Qualcomm launches new chipsets to support 802.11ax Wi-Fi standard

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Qualcomm has launched two new Wi-Fi solutions that support the new 802.11ax standard in a bid to expand network capacity.

The IPQ8074 is a system-on-chip (SoC) for network infrastructure, which is designed to be used in access points, carrier gateways and consumer routers.

Qualcomm said the IPQ8074 offers up to four times the network capacity of current 802.11ac solutions, providing up to 4.8GBps. In particular, it is designed to reduce interference in dense areas of overlapping Wi-Fi access points.

The platform includes an 11ax radio, MAC and baseband, a quad-core 64-bit A53 CPU and dual-core network accelerator. Sized at 14nm, the SoC uses a 12x12 configuration, uplink and downlink MU-MIMO and supports eight 80MHz streams.

It includes Qualcomm’s Wi-Fi Self-Organizing Network, which simplifies installation and optimises traffic.

The QCA6290, launched simultaneously, is the corresponding SoC for the handset. Qualcomm said it offers a fourfold increase in user throughput in crowded networks, with up to 1.8GBps peak speeds and 1024 QAM.

It supports 2x2 MU-MIMO, the 8x8 sounding mechanism and reduces power consumption by two thirds compared to 802.11ac.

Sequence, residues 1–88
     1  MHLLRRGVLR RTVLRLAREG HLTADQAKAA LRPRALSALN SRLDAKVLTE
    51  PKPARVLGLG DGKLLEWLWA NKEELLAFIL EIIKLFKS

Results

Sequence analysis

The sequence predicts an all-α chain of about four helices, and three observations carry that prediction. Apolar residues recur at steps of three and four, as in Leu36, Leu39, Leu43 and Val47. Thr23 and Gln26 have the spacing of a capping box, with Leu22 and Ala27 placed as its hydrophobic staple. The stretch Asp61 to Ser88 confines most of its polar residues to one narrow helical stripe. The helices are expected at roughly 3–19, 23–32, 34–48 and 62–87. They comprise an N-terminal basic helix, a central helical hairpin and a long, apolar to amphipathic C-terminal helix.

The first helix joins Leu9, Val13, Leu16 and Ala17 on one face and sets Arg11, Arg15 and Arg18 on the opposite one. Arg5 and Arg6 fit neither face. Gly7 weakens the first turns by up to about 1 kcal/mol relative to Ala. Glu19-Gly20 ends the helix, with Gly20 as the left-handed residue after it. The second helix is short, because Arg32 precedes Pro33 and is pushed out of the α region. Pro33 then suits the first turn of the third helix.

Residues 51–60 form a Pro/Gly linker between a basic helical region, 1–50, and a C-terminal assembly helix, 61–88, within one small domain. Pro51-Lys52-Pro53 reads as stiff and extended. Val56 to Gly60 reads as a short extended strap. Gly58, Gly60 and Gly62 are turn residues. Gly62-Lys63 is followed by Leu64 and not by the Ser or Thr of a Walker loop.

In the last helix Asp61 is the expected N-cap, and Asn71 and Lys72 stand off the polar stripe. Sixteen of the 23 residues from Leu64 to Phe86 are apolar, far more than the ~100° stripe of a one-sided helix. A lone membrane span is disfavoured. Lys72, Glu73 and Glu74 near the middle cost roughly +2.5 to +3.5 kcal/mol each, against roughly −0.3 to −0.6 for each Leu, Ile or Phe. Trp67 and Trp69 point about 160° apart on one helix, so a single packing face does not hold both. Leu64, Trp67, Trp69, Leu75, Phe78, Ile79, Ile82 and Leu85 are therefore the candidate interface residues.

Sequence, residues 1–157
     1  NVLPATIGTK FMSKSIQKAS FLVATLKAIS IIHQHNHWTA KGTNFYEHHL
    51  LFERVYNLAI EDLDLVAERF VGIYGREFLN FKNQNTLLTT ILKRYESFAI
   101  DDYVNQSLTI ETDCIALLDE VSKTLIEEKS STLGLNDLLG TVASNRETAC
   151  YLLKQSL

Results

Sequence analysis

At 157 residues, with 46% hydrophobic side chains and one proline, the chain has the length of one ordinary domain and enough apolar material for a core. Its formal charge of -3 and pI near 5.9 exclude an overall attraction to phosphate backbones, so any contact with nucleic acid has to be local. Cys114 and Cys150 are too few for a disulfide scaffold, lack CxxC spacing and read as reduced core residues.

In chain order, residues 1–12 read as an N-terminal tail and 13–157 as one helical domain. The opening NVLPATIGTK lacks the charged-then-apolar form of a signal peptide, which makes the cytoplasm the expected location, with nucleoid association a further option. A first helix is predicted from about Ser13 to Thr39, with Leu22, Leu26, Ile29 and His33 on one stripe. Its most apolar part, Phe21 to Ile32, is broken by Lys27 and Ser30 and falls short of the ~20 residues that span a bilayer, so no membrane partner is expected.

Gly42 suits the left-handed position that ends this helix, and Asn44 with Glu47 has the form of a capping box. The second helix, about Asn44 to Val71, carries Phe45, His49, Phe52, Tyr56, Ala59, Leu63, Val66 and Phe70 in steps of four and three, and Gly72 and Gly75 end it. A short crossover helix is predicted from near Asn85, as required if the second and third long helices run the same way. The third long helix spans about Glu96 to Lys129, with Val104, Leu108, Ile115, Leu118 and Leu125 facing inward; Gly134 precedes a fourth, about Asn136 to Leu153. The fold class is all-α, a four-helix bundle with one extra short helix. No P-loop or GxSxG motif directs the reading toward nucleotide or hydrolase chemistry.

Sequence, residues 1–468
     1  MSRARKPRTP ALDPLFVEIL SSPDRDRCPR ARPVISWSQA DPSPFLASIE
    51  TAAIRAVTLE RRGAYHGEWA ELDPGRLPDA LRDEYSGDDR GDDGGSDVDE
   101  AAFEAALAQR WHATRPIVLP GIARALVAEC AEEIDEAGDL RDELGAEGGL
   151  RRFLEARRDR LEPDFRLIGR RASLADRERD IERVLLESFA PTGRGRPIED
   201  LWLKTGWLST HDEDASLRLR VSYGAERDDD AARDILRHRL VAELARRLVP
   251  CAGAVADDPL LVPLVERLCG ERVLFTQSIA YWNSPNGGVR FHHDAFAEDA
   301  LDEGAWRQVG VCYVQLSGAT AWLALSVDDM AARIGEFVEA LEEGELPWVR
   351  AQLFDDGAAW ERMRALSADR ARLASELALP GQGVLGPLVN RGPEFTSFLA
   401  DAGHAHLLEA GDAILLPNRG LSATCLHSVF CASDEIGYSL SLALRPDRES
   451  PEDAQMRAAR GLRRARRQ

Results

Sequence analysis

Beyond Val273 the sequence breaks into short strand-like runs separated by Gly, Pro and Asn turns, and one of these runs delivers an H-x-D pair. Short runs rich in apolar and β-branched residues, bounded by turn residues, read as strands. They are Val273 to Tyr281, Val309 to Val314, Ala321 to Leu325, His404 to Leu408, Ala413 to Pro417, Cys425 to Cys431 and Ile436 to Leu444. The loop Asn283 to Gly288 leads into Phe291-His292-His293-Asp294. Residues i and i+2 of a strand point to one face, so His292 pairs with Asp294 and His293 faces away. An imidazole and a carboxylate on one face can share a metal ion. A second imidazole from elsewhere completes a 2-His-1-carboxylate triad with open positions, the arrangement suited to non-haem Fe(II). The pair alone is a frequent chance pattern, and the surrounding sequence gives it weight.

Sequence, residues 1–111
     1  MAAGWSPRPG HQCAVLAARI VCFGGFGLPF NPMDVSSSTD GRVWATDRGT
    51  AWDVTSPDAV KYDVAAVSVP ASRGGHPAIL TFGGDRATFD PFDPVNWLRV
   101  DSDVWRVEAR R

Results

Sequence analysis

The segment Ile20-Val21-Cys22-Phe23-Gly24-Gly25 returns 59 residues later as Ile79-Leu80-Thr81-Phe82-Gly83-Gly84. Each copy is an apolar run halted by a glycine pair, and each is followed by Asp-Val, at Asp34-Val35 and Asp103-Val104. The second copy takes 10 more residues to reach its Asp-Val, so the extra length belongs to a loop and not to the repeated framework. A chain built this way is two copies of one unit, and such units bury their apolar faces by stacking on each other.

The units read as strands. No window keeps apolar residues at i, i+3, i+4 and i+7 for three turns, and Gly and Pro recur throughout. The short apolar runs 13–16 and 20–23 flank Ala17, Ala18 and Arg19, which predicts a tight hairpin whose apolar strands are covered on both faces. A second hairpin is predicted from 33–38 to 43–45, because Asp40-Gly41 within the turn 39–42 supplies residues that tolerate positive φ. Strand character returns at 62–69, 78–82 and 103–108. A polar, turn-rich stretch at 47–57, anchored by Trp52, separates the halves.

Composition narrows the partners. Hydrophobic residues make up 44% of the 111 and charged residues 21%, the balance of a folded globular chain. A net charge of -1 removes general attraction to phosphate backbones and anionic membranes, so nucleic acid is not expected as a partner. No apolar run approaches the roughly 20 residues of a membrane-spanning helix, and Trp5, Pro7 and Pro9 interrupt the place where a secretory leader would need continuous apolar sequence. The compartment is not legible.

The vendor expects to offer beta versions of the IPQ8074 and QCA6290 to manufacturers in the first half of 2017.

“Capacity – not peak speed – has become the most important measure of a network’s ability to handle the ever-increasing demands of today’s diverse mix of application and services,” said Rahul Patel, SVP & General Manager of Connectivity at Qualcomm Technologies. “The transformative features of our 802.11ax solutions are designed to enable our customers to meet these demands, ensuring ample Wi-Fi capacity for richer connected experiences.”

802.11ax is set to be one part of a mix of wireless connectivity technologies that will be used in coming years as networking companies aim to cope with increasing traffic demands from more devices and more demanding applications.

A report by ABI Research predicted that 60 percent of all wireless IC shipments will be Wi-Fi chipsets that incorporate 802.11ax, WiGig or HaLow by 2021.

The 802.11ax standard will deliver better network efficiency, while other standards will address consumer demand for higher through-put applications, the report said.